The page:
Gaps in identity column values
Gaps in values of identity columns are generated by failed inserts or successful delete operations on table. It has no considerable negative impact but may be removed for optimized usage of identity column data type. For example if there is an identity column with data type tinyint then after reaching value of 255 the column would not be able to hold further rows. Same is true for other identity data types like int, bigint, smallint, decimal or numeric. In such circumstances removing the gaps among values of identity column may optimize the usage of identity column data type.
A simple way to this task may be to drop and re-create the identity column with same name and properties. When re-created it would be optimized and have no gaps among values. Performing drop and re-create through T-SQL would be much more efficient than through SSMS (have a look at my article on ALTER TABLE operations through T-SQL and SSMS). But through T-SQL you would not be able to re-create the column at any position in table but last. So if you have used select * any where in application code (that i always try to avoid), then change of column order may raise issues. In that case you may use SSMS to delete and re-create the identity column at required position in table. Consider the following example for above process
-- Create table for test if exists (select * from sys.objects where name = 'IDTest' ) drop table IDTest GO create table IDTest(ID smallint primary key identity (1,1), name varchar(50)) GO -- Populate the table insert into IDTest values ('Atif ') GO 300 -- Delete records delete from IDTest where id between 11 and 60 GO -- Verify the gap created by delete operation select * from IDTest order by ID GO
We may look that gap exists in values of identity column after delete operation. Now we may apply the drop and re-create approach for identity column to remove the gaps and make the column optimized. For task through SSMS open table in designer, delete the identity column and then create it again with same properties by using insert column option.
I have used T-SQL to drop and recreate the identity column.
-- Drop the primary key constraint first (do not forget to change the constraint name). ALTER TABLE IDTest DROP PK__IDTest__3214EC2720C1E124 GO -- drop the identity column ALTER TABLE IDTest DROP COLUMN ID GO -- Re-create the identity column ALTER TABLE IDTest ADD ID SMALLINT PRIMARY KEY IDENTITY (1,1) GO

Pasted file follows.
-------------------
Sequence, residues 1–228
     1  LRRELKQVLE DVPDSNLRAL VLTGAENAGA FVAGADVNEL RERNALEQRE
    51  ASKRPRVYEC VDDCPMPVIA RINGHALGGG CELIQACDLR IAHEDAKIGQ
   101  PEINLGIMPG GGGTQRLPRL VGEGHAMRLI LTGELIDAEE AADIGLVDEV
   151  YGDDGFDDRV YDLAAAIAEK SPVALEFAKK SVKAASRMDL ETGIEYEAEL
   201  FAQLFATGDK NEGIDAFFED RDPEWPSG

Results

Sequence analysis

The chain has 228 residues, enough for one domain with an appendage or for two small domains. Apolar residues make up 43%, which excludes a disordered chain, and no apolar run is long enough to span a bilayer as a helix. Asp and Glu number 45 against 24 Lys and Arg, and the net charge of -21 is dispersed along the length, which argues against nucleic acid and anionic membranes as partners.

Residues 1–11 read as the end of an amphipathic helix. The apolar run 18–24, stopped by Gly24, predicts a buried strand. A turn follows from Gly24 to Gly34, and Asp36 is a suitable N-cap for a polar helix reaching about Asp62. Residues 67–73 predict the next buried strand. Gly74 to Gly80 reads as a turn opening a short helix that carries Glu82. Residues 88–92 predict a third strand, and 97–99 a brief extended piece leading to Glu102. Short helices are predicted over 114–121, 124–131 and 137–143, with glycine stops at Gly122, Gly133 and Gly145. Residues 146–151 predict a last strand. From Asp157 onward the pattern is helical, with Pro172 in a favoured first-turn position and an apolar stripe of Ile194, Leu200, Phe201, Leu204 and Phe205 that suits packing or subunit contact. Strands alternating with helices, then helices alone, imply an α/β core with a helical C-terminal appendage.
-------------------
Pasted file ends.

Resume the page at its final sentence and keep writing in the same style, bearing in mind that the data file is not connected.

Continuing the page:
At this point identity column ID is created and populated without any gap. But it would be created as last column with respect to columns order in table.
Duplication error messages related to seed and incremental value
Going back to second problem, it relates to SEED property of identity column. If after manipulating seed value, errors are being generated for duplication then follow these steps.
- Get maximum value in identity column
- ReSeed by providing the maximum value
It should be kept in mind that value retrieved through max() function may not necessarily be the maximum identity value. That may be the case when some rows have been deleted with last (highest) identity values. However setting the max value as SEED would work fine and no duplication issue would be raised.
-- Get last identity value SELECT Max(ID) from IDTest GO
As we have 250 as max value in our re-created identity column so use it for RESEED
-- Get last identity value DBCC CHECKIDENT ('IDTest', RESEED, 250) GO
In this way duplication due to invalid SEED value may be prevented. It is considerable that DROP and RE-CREATE of identity column may also solve duplication error issue.
I came across an interesting question. To get those values of table1 that are not there in table2. This task can be completed very easily by using the EXCEPT operation. However i was required to get the result by appending just a single condition in provided T-SQL code. The trick was about using joins concept to get the required result. Create and populate two tables through following code.
-- Create first table create table Table1 (id smallint, Item varchar(25)) GO -- Create second table create table Table2 (id smallint, Item varchar(25)) GO -- Populate table1 insert into table1 select 1,'Item1' union all select 2, 'Item2' union all select 3, 'Item3' union all select 4, 'Item4' GO -- Populate table2 insert into table2 values (3,'Item3') GO
The required result is as shown in the snap
And just add a single condition either in join clause or in where clause of following query to get the result
-- Complete the script to get required result select t1.* from table1 t1 left outer join table2 t2 on t1.id = t2.id and t1.item = t2.item -- Add a condition here to get the required result
And below is the single line condition that is required to get the required result
where t2.id is null
Complete query would be as following
-- Complete script to get required result select t1.* from table1 t1 left outer join table2 t2 on t1.id = t2.id and t1.item = t2.item where t2.id is null